Netflix is developing features that would allow members to play their mobile games against each other and rank competitively on gaming leaderboards. The company, starting last month, quietly rolled out the ability for users to create unique “game IDs” in a subset of its mobile games, including Into The Breach, followed by Bowling Ballers, Mahjong Solitaire and Heads Up!. Additionally, references discovered in the Netflix app point to further gaming ambitions, including the ability to invite other users to play with you and a feature that would allow you to see your ranking on the leaderboards, among other things.
The company confirmed that it is exploring various gaming features in a statement provided to TechCrunch, but was unable to discuss which features, beyond game IDs, would be publicly rolled out to users or when that would occur.
“We are always looking to improve our members’ experience on the service and are exploring different features to enrich the Netflix mobile gaming experience,” said Kumiko Hidaka, a Netflix spokesperson. “We have nothing else to share at this time.”
The additions suggest that Netflix is looking toward a future that isn’t just about making mobile games available to its subscribers, but one that encourages members to engage in games by playing with others. The news follows the recent revelation that Netflix has been hiring engineers and product managers with experience in cloud gaming.
According to the findings, first discovered by the developer Steve MoserNetflix allows users to set up something called a “game identifier,” which is described as “a unique public name for playing games on Netflix.”
Netflix first began its game drive tests on the Into The Breach game starting on July 19, 2022, before expanding the option to other titles.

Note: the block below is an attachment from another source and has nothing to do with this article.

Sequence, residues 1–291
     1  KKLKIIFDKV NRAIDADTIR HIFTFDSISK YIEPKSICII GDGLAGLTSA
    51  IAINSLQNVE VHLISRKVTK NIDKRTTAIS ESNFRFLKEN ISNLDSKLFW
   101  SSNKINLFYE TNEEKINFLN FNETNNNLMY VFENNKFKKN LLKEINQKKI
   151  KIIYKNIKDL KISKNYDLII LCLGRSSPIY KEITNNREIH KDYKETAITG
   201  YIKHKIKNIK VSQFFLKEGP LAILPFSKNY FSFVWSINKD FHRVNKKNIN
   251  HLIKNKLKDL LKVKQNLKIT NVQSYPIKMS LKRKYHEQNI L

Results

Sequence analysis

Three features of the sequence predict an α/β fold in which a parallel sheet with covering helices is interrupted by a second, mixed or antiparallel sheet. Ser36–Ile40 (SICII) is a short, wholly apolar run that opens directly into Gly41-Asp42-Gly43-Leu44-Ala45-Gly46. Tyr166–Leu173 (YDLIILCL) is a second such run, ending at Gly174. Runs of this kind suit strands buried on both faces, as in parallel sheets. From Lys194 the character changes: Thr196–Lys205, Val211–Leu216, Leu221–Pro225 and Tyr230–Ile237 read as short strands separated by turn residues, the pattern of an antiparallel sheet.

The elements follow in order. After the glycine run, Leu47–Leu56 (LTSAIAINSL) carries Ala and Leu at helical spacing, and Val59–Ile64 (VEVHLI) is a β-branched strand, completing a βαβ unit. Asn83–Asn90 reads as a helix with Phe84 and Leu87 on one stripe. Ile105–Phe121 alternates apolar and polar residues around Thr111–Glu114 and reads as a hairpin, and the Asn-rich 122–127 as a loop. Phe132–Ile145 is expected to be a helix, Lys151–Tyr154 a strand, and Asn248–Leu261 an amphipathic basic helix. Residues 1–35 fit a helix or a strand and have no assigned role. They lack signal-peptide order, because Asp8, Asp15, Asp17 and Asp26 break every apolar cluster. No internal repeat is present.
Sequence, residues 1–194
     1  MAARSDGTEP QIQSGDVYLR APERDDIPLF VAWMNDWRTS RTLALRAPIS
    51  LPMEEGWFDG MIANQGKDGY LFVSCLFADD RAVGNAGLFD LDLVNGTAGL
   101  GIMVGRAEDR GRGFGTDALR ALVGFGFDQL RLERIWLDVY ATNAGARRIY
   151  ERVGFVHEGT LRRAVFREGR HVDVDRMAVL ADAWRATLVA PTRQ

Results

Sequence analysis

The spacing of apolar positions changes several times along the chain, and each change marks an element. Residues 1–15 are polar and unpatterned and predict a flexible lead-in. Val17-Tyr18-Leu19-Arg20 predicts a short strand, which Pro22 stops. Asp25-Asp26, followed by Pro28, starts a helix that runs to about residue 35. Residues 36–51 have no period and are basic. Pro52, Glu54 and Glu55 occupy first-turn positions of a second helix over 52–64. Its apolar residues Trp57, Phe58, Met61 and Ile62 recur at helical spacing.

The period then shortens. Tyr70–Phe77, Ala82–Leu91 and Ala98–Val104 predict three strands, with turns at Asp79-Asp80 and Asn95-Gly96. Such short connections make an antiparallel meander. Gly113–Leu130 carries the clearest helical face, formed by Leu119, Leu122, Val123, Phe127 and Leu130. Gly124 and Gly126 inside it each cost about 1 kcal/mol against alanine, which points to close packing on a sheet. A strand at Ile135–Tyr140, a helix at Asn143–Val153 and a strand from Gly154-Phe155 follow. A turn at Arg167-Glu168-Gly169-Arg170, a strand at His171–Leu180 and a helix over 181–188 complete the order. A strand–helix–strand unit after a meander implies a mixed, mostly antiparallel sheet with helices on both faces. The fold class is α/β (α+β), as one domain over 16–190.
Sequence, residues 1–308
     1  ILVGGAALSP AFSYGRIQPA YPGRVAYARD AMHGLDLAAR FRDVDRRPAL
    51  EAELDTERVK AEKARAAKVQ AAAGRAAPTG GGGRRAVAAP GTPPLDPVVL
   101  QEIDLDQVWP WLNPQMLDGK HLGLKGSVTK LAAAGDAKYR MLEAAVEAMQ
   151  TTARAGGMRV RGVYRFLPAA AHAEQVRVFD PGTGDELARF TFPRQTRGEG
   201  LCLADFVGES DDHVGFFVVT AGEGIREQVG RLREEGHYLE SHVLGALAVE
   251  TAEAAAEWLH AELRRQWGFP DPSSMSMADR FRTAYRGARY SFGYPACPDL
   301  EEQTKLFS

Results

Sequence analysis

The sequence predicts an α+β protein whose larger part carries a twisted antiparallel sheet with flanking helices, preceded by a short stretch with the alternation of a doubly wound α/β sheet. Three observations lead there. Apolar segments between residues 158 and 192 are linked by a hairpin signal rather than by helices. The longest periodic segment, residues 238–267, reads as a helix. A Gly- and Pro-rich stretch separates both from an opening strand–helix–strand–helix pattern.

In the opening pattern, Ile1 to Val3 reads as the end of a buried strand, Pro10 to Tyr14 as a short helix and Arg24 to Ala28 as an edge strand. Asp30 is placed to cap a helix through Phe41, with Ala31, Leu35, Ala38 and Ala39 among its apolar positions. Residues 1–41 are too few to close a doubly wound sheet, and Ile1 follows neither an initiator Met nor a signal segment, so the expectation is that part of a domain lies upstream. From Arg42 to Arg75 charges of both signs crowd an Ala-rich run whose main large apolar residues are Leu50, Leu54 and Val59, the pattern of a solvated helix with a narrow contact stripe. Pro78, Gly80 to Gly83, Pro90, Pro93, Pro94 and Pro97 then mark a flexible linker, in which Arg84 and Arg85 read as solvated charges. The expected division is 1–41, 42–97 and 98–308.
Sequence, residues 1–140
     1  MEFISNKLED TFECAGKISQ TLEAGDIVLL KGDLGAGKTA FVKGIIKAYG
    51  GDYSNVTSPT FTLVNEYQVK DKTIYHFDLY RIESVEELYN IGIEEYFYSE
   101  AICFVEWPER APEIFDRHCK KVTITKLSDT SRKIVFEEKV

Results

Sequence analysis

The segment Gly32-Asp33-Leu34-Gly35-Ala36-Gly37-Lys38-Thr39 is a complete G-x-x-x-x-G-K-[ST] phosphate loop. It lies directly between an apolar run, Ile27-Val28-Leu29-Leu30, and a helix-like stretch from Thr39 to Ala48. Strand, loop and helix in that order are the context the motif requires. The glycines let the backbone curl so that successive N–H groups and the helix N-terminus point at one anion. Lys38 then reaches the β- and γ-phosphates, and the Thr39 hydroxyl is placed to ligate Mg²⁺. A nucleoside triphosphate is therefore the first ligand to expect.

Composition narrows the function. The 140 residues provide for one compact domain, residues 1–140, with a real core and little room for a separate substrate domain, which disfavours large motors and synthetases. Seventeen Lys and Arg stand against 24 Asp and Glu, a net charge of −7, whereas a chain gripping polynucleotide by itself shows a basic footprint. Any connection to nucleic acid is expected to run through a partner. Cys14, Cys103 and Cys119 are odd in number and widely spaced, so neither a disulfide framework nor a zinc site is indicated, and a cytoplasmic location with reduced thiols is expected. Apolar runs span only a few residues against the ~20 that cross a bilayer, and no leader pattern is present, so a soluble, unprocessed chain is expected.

Additionally, Netflix explains to app users that: “Your profile icon and name will not be visible to other people playing Netflix games.” (In other words, you may be known by a nickname instead of your Netflix name and identity.)
While the game test drive has been implemented, the app code suggests Netflix plans to allow users to see where they are on the leaderboards and represent the user in Netflix games. And the handles will be used when “playing with other members”, the code says.
Another section refers to the possibility for users to show others if they are online, if they want to play and also offers the possibility to invite members to play with them.
Adding more social components is probably one of the ways Netflix aims to better attract and retain subscribers.
But, so far, Netflix hasn’t seen a huge demand for its mobile games.
App data firm Apptopia recently found that Netflix games alone averaged 1.7 million daily users, CNBC first reported. In total, the more than two dozen games in Netflix’s catalog had seen just 23.3 million downloads to date. Netflix, by comparison, has 221 million subscribers.
Of course, some of Netflix’s games had built-in user bases before Netflix acquired them. But while that might account for some uncounted downloads, engagement levels are pretty low.
It remains to be seen if Netflix has made a strategic mistake by moving into games, as it’s still early days.
To its credit, Netflix found a solution to Apple’s rule that apps on its App Store platform can’t host their own app stores: Netflix lists its games as separate downloads and only points to them from its main app, which is permitted. The games then require your Netflix credentials to sign in.
However, mobile consumers may not think of seeking out this type of entertainment on Netflix any more than they think of launching Netflix when they’re in the mood for short-form videos like TikTok; the latter Netflix promotes in its main navigation as “Quick laughs”.
The streamer’s premise seems to be that it should increase its number of lagging subscribers by offering more avenues of entertainment. But the broader feedback from critics and users alike is that what they really want from Netflix isn’t games or TikToks, but more quality shows.